On 14th of July I woke up a bit sad. It was going to be my last bit of riding on this epic trip. I started very early, actually, it was the earliest Iíd started riding on this trip. I was on the road, all geared up and ready to go by 6am. I started from Metz and the sun wasnít really out yet. The first 200kms gave me the chill with the rain showing no signs of ceasing. I was shivering like a puppy and I could barely see anything beyond five meters. This horrible state of affair continued until I stopped some 200kms later to refuel.

By the time I refueled and grabbed a hot coffee, the sun was out and the ride from the fuel station to Calais was smooth yet cold. I arrived at Calais and was told that the rail is full so I quickly headed to the ferry. The whole process was so smooth and quick that I never realised when I was across the French border and on to the ferry. The ferry was supposed to start at 13.25 and to my astonishment, it started sailing at the stipulated time. The ferry ride was shorter than I expected. I was still used to the overnight ferry from UAE to Iran and by the time I finished lunch we were docking at Dover.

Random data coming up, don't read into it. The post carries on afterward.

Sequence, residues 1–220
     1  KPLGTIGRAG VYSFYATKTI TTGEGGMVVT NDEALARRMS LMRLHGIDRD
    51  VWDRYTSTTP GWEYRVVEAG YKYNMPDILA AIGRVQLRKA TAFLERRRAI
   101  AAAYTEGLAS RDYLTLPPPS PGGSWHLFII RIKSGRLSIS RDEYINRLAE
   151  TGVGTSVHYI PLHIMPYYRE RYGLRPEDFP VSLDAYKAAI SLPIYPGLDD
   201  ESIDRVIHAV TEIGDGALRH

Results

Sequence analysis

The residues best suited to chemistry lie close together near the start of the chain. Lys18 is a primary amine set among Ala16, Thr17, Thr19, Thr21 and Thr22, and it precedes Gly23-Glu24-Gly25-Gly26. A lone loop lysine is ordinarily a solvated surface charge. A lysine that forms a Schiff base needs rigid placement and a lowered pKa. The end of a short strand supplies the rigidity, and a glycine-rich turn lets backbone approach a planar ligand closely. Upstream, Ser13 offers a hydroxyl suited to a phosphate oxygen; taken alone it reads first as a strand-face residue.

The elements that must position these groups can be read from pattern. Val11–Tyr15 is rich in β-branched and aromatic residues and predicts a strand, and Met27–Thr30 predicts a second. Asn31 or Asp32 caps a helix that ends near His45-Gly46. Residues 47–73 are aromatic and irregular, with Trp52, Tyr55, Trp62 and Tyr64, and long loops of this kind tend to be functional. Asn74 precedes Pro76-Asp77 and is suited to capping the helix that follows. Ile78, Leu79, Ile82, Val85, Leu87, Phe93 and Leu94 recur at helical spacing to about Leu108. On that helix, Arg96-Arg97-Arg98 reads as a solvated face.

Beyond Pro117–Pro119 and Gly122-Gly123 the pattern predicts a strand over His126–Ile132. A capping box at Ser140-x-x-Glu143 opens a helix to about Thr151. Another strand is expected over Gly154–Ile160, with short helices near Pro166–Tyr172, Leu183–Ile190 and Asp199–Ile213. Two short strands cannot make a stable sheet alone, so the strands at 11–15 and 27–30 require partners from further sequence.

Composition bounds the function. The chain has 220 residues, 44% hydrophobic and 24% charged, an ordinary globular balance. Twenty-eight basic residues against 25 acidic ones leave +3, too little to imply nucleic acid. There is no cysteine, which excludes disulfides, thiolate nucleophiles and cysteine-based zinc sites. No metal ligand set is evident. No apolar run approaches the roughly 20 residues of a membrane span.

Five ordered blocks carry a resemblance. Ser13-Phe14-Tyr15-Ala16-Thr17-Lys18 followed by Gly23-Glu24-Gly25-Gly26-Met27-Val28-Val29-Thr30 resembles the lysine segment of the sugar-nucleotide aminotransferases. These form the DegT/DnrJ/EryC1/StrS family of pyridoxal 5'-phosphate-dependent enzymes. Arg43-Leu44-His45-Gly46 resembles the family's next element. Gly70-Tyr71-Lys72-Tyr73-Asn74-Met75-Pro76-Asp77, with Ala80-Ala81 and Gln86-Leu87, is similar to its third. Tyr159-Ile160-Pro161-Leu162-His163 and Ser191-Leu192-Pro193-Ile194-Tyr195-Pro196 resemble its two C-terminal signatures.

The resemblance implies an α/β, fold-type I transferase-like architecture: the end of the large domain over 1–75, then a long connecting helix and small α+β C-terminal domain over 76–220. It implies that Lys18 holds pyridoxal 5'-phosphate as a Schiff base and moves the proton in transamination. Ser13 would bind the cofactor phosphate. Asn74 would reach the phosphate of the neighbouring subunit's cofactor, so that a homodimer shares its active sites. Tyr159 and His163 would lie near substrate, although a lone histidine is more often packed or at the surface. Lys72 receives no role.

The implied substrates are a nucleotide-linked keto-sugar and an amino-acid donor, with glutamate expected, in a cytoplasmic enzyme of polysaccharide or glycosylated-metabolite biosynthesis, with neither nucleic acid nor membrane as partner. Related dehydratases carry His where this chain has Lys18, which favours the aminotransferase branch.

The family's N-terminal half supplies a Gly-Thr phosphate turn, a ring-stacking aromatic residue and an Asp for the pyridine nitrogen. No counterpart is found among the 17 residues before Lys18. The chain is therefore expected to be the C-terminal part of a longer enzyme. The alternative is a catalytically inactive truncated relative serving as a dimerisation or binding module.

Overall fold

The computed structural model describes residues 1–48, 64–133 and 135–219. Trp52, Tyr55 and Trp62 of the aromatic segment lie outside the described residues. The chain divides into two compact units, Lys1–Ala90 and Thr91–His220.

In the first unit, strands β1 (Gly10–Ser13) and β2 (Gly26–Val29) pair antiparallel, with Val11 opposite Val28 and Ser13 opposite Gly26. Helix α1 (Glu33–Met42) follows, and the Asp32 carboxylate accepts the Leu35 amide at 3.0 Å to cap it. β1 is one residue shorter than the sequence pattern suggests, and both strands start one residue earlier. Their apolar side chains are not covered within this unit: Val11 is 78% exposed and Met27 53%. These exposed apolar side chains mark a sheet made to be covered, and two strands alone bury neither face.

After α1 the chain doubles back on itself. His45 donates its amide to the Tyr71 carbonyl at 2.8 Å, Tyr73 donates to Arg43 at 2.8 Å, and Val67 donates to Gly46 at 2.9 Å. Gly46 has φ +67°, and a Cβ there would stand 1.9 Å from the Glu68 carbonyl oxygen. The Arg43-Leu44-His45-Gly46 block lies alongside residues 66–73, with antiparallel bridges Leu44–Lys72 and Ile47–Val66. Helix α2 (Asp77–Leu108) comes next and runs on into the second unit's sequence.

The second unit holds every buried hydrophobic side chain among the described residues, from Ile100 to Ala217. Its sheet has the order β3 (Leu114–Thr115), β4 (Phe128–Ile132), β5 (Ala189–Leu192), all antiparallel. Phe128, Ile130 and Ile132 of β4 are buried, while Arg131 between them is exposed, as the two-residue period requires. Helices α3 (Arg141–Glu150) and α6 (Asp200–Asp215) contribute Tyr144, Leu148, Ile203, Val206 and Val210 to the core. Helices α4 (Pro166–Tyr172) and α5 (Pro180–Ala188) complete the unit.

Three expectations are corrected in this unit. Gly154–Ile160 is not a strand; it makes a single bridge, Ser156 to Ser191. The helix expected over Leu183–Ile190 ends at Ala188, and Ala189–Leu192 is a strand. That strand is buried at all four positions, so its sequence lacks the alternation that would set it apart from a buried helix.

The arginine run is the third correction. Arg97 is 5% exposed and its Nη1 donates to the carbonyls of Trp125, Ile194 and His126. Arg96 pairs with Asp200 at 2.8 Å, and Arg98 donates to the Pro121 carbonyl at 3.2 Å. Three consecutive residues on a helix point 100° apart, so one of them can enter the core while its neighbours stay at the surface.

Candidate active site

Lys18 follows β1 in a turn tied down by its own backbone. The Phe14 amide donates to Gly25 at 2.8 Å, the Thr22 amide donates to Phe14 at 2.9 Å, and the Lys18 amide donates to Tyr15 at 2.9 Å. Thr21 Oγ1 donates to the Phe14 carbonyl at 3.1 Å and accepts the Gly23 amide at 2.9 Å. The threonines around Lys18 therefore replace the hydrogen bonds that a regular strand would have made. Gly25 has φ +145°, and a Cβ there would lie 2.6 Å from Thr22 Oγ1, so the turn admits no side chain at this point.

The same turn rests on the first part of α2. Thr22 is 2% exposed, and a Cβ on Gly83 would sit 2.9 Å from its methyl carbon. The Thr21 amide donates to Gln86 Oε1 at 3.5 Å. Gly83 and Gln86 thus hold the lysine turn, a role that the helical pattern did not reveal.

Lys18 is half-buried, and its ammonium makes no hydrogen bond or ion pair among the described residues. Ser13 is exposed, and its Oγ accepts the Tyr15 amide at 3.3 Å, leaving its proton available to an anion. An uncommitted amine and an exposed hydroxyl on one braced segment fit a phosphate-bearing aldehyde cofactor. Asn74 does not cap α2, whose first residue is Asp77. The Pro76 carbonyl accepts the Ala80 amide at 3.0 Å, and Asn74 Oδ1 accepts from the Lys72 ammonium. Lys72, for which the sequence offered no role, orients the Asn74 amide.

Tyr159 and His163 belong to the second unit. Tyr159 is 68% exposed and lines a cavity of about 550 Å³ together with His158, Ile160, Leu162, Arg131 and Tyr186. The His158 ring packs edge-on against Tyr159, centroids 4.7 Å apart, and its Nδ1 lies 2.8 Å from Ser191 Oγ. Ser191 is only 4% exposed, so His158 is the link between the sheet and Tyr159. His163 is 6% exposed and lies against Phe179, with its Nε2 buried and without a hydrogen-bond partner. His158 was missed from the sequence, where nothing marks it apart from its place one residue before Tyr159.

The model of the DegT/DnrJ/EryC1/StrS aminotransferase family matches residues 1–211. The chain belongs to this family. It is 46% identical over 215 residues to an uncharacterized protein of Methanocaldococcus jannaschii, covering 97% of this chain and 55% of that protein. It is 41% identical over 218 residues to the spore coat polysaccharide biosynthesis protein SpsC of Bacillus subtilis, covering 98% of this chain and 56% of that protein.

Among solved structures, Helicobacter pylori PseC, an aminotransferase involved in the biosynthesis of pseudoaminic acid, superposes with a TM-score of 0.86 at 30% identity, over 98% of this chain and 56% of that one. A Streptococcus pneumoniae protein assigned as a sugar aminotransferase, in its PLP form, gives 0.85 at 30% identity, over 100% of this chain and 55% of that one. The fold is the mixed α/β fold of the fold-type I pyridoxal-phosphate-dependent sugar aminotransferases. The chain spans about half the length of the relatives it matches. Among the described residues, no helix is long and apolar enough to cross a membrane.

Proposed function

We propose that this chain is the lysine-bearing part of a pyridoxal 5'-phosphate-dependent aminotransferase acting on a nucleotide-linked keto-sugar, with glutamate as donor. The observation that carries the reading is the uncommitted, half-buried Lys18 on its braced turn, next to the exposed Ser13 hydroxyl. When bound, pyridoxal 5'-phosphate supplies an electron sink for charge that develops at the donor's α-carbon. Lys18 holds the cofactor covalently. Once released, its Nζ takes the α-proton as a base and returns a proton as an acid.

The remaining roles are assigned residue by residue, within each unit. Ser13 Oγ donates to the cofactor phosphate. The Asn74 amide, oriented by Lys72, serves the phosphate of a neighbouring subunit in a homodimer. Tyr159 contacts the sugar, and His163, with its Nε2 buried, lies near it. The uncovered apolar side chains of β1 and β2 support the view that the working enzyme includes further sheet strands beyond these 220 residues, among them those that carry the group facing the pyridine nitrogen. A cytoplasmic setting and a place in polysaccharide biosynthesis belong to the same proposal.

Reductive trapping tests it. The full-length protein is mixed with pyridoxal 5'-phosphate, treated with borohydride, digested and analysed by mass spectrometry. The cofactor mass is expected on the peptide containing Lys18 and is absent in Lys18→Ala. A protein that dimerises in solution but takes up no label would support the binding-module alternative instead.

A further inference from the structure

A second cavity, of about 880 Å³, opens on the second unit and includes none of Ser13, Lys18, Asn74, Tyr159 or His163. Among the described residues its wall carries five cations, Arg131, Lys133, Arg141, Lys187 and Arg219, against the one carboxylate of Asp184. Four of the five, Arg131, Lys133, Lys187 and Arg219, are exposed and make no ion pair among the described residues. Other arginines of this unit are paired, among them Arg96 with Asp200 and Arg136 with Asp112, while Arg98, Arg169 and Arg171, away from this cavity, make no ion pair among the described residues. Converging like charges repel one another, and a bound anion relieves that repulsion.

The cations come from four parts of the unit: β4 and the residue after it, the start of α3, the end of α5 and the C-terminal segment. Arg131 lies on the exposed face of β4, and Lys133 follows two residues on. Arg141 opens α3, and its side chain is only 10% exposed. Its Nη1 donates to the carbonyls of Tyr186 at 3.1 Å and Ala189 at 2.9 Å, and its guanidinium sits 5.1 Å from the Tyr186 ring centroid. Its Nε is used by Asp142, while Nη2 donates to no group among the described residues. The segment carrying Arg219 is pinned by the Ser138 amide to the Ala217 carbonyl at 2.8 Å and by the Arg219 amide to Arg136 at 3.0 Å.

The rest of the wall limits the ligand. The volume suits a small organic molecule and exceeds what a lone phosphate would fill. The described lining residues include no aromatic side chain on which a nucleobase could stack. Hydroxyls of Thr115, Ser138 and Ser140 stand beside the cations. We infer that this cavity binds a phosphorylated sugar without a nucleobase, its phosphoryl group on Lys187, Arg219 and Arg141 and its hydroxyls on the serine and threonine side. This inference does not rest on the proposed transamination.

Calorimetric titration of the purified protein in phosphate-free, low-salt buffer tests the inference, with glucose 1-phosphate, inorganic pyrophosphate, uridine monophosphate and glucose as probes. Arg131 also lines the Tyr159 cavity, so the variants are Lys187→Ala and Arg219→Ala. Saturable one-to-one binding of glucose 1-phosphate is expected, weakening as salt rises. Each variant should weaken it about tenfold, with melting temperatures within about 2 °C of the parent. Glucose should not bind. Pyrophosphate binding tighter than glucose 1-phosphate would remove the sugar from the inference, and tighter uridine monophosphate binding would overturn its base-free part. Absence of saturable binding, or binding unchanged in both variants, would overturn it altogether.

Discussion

In UK I stayed with a friend who lives in Essex. I rode from the port to his place directly and the next day I headed to London. The ride from Dover to Essex was full of rain and I made it a point to avoid breaking any speed limits. I was excited but I didnít want to ruin it at the last minute.

By the time I reached Essex I was depressed because the trip was over. It ended too soon if you ask me. It was short and quick because I didnít really face any major issues throughout the ride and things went smoothly other than a few delays here and there. The Triumph Tiger 1050 behaved amazingly well and it, didnít need anything more than fuel.

I have learnt a lot from this trip and now that this ride is over, Iím already planning my next big ride.For a passionate rider like me, there is nothing more rewarding and exhilarating than a ride like this and by the end of it all this was a trip of a lifetime for me personally.

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Lovely welcome at EMC
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Thank you everyone for your support.


Last edited by Rehaan : 7th August 2012 at 14:07.
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Old 12th June 2012, 02:04   #3
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Default Dubai To London on a Triumph Tiger 1050